MINNEAPOLIS (KMSP) - Like bookends on either end of the terrible summer day that Bryan Duffey lost his right leg, there was soccer.
And it turns out, even in the wake of a gas explosion at Minnehaha Academy that left his body shattered and two of his coworkers at the school dead, sometimes the best therapy is simply getting lost in a game.
An assistant coach for the school's soccer team, he's set a powerful example for his team by making it to every match--despite injuries that probably should have killed him.
"There’d be times where I wouldn’t take my meds," Duffey said. "I wouldn’t feel anything because I was there--and then instantly, when we went back to our car, I would feel the pain again."
The details from that August day are still fuzzy, with his last memory being the youth soccer game he coached the night before. Then, 10 days later, Duffey woke up in the hospital with a traumatic brain injury, his right leg amputated above the knee and his left leg broken in three places, a hole in his heart for secretary Ruth Berg and custodian John Carlson, two other employees at the school who died in the blast.
"John was amazing. He was happy all the time," he said. "I loved being around both of them.”
Contractors were moving a gas meter at the time of the explosion, which destroyed much of the upper campus and forced classes to the former site of Brown College in Mendota Heights until structural engineers determine that the school is safe--or, just as likely, that the school needs to be torn down and built anew.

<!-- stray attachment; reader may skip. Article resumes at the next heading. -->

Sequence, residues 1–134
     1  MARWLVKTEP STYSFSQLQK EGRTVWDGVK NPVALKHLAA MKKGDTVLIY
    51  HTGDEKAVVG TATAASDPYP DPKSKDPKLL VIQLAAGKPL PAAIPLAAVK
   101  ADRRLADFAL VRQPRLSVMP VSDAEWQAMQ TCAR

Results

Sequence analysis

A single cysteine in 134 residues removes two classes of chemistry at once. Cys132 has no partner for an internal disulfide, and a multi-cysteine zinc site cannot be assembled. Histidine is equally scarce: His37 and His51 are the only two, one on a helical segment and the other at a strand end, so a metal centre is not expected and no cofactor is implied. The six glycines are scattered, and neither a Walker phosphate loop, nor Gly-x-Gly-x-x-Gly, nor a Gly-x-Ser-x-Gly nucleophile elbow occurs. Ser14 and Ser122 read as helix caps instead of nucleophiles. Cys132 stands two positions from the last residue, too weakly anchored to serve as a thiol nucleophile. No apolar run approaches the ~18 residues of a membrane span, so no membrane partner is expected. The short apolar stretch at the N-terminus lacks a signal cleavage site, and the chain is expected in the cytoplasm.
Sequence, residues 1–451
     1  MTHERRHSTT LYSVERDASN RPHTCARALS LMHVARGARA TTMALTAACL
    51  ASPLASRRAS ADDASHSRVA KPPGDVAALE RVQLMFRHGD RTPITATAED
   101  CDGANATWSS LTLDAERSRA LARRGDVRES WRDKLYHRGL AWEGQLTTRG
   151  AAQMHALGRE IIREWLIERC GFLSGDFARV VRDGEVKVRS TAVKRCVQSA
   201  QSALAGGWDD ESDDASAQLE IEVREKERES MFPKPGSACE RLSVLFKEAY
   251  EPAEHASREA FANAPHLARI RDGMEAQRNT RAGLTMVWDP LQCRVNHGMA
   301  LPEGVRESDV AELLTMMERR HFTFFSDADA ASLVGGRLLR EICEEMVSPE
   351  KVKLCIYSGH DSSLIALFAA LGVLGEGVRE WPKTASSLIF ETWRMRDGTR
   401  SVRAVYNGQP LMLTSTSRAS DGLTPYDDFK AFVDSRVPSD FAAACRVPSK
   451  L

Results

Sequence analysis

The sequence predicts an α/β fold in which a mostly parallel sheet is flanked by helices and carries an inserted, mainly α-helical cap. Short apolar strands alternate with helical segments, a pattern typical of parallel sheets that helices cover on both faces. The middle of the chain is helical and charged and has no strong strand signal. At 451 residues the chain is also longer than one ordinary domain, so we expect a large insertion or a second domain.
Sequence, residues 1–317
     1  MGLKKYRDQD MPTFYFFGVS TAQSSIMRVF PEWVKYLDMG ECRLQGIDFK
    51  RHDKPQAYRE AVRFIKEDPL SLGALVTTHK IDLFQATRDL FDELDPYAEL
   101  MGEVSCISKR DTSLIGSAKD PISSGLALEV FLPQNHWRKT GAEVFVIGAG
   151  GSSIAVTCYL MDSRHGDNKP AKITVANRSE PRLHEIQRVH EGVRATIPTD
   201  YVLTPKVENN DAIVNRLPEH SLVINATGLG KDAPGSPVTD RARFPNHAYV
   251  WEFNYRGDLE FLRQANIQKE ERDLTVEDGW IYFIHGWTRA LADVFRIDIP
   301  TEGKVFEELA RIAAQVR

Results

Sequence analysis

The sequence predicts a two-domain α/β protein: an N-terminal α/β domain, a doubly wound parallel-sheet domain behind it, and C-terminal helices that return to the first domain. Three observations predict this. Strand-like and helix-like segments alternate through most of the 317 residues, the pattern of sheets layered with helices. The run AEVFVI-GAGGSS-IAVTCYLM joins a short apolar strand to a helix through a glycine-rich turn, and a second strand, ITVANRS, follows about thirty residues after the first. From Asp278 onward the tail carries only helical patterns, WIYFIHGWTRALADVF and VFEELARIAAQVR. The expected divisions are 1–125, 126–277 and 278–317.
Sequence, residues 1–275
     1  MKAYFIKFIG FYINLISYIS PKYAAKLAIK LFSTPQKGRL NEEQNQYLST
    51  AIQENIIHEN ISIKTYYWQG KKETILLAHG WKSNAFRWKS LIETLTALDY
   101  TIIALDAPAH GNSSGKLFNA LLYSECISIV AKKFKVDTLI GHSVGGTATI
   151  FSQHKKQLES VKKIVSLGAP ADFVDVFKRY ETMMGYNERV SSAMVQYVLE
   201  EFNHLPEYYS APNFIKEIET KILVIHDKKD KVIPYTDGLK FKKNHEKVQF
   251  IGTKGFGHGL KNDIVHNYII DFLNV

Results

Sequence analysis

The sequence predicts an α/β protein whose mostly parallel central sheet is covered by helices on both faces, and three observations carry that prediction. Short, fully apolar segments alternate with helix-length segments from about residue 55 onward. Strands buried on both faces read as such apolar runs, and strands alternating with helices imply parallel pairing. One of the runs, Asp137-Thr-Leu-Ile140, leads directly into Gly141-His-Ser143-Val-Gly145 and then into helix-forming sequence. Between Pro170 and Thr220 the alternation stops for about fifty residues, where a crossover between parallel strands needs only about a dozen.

Though even in the face of unspeakable tragedy, Brian--and the entire Minnehaha Academy family--still has something to look forward to with the birth of his first son in January.
It's a date he's eagerly preparing for, with a little help from the officers who saved his life.
In the moments following the explosion, Duffey was trapped under a a large concrete block as gas spewed from the nearby gas leak--and only escaped after a few Minneapolis police officers risked life and limb to clear debris and lift the unthinkably heavy concrete slab. All the while, residual flames crept ever closer, threatening to cause a secondary explosion that would surely kill everyone nearby.
"Honestly, it wasn’t even a decision," MPD officer Greg Kosch said. "I mean, you see somebody laying there and there’s rubble all over him and he’s trapped. There’s fire going there. You can’t leave him lay there. You have to go do something. So there’s no decision actually."
In those tense few moments, one officer chipped away at the slab while two others found the near-super human strength needed to lift it just enough to pull Duffey from underneath the rubble. It's something everyone who saw it will never forget.
"You look back at that [concrete slab] and just don’t know how you could ever do that," MPD Officer Dean Milner said. "I’ve seen it a couple times on the job, but I think God puts you where he wants you and gives you strength to do it."
Running into situations like that, first responders said, is all a part of the job--but that doesn't mean it wasn't a harrowing experience nonetheless.
"All I could think of is, 'Boy, I hope my kids understand why I did this.' I hope they understand, because I was ready to go," Milner said. "I thought it was our last day because I figured there would be a secondary explosion, and our concern was to get everyone else out of there. [Greg Kosch] and I weren’t leaving until we got Bryan out."
In the following days, those officers stayed in touch with Duffey and his family, visiting them in the hospital and taking Bryan out for an emotional lunch when he was well enough to leave.
"Then he looked at us and said, 'Guys, thanks for saving me.,'" Kosch said. "That’s kinda when all this hit home for me--to me I was just doing my job.”
Now, Duffey says he's most looking forward to standing on his legs again--and holding his newborn son.
In the meantime, Officers Milner and Kosch told Duffey that if he needed anything, they were there for him. As it turns out, there are quite a few baby preparations that the family needs help with, and both officers agreed to stop by and help out until the job is done.
Several community members are raising money to help Duffey with expenses, for more information click here.